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How to implement a stack in Golang

Educative Answers Team

A stack is an ordered data structure that follows the Last-In-First-Out (LIFO) principle. Stacks are most easily implemented in Golang using slices:

  • An element is pushed to the stack with the built-in append function.
  • The element is popped from the stack by slicing off the top element.
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An implementation of a stack is shown below:

package main
import "fmt"

type Stack []string

// IsEmpty: check if stack is empty
func (s *Stack) IsEmpty() bool {
	return len(*s) == 0

// Push a new value onto the stack
func (s *Stack) Push(str string) {
	*s = append(*s, str) // Simply append the new value to the end of the stack

// Remove and return top element of stack. Return false if stack is empty.
func (s *Stack) Pop() (string, bool) {
	if s.IsEmpty() {
		return "", false
	} else {
		index := len(*s) - 1 // Get the index of the top most element.
		element := (*s)[index] // Index into the slice and obtain the element.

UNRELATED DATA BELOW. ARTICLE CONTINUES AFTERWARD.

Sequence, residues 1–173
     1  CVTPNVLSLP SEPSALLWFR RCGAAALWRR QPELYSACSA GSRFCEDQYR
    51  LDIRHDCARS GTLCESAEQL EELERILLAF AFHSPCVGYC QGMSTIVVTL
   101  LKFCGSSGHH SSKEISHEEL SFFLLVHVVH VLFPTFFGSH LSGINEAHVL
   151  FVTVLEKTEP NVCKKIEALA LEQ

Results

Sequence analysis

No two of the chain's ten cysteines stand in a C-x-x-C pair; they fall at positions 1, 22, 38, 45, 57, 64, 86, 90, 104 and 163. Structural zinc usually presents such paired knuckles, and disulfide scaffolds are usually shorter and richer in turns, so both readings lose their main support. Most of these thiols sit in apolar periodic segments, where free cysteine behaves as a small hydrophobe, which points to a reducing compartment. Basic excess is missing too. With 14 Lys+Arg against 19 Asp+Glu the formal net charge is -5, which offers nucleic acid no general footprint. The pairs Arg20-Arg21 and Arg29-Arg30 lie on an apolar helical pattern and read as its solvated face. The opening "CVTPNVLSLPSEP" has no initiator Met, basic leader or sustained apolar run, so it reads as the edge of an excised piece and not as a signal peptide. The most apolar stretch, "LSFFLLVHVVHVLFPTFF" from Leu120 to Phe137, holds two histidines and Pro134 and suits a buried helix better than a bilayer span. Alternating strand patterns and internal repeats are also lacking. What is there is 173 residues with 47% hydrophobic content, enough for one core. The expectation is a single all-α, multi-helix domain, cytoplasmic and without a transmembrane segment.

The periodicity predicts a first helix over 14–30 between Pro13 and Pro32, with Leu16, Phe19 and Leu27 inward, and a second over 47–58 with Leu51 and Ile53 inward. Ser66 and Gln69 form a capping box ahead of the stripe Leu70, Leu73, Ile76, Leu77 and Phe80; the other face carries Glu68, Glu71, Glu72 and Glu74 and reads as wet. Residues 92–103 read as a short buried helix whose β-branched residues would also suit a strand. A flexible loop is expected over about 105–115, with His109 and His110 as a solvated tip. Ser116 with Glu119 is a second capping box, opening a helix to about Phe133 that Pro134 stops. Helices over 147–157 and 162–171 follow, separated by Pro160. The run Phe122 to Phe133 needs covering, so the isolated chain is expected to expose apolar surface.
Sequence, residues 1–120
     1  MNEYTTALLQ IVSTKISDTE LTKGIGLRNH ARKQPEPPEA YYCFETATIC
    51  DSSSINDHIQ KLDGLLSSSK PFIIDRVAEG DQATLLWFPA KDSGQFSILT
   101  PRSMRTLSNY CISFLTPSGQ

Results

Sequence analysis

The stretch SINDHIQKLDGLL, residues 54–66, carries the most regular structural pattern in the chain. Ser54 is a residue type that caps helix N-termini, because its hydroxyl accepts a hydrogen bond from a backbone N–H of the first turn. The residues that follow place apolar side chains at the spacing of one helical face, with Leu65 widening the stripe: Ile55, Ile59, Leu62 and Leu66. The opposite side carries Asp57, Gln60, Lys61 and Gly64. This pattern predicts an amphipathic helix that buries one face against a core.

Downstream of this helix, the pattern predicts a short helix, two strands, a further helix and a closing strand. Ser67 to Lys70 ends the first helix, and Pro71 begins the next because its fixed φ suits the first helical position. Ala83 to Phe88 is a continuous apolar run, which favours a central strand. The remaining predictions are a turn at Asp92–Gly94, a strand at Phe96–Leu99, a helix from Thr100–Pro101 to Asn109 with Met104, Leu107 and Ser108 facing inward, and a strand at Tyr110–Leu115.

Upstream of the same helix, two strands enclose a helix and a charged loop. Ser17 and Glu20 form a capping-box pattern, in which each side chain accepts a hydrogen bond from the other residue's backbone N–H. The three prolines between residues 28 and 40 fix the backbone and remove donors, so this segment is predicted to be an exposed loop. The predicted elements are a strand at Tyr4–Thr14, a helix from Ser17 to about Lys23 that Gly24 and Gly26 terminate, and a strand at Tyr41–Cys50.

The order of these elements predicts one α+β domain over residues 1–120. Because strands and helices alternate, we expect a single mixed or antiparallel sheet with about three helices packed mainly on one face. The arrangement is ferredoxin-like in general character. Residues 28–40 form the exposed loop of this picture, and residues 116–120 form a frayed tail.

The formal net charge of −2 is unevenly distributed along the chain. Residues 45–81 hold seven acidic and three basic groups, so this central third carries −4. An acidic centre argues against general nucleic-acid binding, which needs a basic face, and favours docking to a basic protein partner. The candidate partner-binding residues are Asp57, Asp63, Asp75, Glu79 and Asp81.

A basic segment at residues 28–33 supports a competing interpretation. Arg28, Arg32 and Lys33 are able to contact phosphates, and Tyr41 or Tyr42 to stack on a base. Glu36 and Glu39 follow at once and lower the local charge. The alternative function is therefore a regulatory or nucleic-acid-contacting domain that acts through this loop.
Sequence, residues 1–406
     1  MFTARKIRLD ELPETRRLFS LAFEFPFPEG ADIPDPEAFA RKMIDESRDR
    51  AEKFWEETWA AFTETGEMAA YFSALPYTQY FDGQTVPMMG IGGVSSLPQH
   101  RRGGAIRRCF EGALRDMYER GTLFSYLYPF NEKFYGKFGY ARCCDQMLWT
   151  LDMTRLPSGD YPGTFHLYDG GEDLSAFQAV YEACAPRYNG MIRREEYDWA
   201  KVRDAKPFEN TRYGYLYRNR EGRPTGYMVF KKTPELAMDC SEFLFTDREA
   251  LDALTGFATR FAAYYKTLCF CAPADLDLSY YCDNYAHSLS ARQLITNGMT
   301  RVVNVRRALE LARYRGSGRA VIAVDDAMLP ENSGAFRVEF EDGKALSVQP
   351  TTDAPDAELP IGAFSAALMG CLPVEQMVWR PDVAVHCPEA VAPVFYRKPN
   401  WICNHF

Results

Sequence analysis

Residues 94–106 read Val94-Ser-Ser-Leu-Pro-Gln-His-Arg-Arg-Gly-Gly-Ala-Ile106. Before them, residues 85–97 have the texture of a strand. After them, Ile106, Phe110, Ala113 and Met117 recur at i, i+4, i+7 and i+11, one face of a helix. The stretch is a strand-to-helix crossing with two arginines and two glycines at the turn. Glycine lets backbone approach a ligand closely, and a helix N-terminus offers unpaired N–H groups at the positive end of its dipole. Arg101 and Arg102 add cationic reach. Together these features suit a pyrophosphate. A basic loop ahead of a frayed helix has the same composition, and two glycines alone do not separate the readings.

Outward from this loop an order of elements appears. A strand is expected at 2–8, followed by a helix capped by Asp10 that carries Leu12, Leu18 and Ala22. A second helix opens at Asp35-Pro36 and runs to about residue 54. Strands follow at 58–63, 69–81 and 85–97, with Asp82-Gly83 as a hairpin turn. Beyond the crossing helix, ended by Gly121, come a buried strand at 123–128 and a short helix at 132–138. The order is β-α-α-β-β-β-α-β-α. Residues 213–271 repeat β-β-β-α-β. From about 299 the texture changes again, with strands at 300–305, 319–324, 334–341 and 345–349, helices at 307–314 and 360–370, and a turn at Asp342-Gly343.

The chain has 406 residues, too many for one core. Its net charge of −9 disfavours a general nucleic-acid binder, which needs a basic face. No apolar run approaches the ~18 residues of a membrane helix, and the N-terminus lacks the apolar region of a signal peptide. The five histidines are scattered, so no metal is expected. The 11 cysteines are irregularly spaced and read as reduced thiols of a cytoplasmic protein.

*s = (*s)[:index] // Remove it from the stack by slicing it off.
		return element, true

func main() {
	var stack Stack // create a stack variable of type Stack


	for len(stack) > 0 {
		x, y := stack.Pop()
		if y == true {


  • A type is made for a list called Stack. This allows us to create methods on Stack, just like the methods of a class.
  • The Push and Pop methods are implemented on lines 121412-14 and 172617-26, respectively. The Pop method utilizes the IsEmpty helper function to cater to the exception that occurs when the stack is empty.
  • In the main function, the stack is populated with three strings. The values stacked in the stack are then popped, notice the order in which they are printed. The output confirms that the stack correctly follows the LIFO principle.

Note that the stack is initialized to contain strings. Changing the type to interface{} would allow the stack to work for any data type.


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